Charmian Hughes: When Comedy was Alternative (The Laughs and Loves of a She Comic)

comedy review | Read in About 2 minutes
Published 12 Aug 2015

There are a number of questions which arise from an hour in the delightful company of Charmian Hughes. A collection of anecdotes about the birth and heyday of the alt comedy scene in the '80s and '90s, Hughes is clearly a mine of information. Who else did you see at the Tunnel club? Just how exhausting was Malcolm Hardee's 24/7 anarchism? How much did they fleece you for a pint at the Edinburgh Fringe back in the '80s? Hughes has been there and done it all – a walking, talking scrapbook of comedy's recent history.

For the present purposes, though, there's a more pressing question: namely, how can Hughes have been doing comedy for so long and remain so consistently and spectacularly unable to deliver a punchline? Her comedic training comes from a time before the long form, convoluted narrative shows of modern repute. Where "jokes" were discrete units, to be written, bought, sold, set up and then knocked down. Job done. But time after time, meandering set-ups fade to nothing or trip over their own endings.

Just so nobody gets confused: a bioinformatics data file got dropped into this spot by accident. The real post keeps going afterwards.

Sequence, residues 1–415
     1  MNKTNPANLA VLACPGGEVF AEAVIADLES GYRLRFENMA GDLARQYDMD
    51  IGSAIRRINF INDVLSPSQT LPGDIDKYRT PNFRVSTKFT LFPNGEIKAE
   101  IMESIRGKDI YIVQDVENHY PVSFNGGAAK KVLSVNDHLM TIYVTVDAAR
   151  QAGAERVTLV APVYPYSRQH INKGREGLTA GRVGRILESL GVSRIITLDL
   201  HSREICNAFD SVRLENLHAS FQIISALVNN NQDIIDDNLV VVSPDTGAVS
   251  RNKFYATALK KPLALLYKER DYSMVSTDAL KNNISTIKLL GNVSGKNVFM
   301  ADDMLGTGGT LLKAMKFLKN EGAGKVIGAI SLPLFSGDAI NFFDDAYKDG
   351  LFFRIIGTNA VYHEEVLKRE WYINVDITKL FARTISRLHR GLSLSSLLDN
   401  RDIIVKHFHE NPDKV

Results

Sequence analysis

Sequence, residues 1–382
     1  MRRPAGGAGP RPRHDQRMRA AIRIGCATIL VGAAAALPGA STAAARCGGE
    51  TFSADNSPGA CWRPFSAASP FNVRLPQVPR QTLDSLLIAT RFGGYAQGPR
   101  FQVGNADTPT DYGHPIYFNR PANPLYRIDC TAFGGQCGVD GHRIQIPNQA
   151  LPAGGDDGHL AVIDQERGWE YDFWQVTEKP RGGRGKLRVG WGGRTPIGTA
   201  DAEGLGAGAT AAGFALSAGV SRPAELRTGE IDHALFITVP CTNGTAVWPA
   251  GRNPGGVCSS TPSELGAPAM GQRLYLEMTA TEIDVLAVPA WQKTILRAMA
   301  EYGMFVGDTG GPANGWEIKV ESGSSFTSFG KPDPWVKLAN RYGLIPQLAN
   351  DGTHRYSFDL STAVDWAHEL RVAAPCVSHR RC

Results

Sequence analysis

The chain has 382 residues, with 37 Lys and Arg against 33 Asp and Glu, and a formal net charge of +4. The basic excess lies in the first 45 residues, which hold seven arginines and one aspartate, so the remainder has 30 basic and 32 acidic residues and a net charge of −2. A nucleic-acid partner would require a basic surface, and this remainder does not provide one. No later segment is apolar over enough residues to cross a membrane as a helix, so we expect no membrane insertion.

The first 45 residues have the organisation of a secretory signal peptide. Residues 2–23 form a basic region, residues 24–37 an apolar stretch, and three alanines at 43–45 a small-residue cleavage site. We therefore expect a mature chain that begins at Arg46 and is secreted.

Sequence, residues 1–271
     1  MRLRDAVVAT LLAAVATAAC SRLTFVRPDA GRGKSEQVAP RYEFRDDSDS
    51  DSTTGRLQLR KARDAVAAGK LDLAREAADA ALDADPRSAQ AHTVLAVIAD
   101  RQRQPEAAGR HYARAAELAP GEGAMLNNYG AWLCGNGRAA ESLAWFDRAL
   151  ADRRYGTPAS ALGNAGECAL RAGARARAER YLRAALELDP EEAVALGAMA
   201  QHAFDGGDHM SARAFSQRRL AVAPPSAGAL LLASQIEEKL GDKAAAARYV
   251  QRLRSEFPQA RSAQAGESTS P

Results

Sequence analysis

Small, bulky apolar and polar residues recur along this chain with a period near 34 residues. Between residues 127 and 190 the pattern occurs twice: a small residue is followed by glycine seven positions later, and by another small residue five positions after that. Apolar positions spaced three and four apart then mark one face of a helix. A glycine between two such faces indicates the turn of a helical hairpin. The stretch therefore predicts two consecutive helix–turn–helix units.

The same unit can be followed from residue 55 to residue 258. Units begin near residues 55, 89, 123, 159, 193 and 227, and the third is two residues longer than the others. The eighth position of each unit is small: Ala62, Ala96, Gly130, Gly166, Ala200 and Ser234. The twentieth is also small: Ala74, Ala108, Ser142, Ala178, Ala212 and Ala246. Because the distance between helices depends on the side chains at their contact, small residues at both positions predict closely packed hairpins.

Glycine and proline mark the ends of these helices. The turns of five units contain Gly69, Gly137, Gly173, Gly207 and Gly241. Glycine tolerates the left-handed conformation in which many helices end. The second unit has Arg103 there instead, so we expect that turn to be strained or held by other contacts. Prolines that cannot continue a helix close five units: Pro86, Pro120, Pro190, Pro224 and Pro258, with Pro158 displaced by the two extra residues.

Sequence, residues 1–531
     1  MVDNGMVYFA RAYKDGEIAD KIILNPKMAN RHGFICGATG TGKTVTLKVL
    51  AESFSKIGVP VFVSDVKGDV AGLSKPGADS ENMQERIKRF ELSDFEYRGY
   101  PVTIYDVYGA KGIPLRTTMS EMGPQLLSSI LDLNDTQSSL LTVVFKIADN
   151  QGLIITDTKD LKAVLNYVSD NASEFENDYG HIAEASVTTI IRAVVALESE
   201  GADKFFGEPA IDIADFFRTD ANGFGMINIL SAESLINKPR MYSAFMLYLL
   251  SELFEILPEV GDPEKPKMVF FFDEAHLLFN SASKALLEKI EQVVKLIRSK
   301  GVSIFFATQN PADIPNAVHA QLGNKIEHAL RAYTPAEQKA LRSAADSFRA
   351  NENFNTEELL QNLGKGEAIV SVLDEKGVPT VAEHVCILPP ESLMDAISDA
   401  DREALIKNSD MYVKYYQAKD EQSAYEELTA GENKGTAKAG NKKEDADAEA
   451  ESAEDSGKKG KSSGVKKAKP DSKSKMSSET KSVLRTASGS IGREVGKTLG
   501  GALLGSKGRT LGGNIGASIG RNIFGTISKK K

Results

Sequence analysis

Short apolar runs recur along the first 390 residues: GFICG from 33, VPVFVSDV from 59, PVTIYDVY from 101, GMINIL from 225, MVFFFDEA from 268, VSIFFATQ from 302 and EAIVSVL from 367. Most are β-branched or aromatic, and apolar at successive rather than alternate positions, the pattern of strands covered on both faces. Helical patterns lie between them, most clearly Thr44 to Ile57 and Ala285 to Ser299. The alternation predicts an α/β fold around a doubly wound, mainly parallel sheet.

In essence, this is a show 'about' comedy, rather than a show which delivers much of it. But in spite of that significant omission, Hughes remains an engaging presence. There's undoubtedly an outlet for her first-person history of alternative comedy. A book or a television documentary, perhaps? An hour of standup? Perhaps not.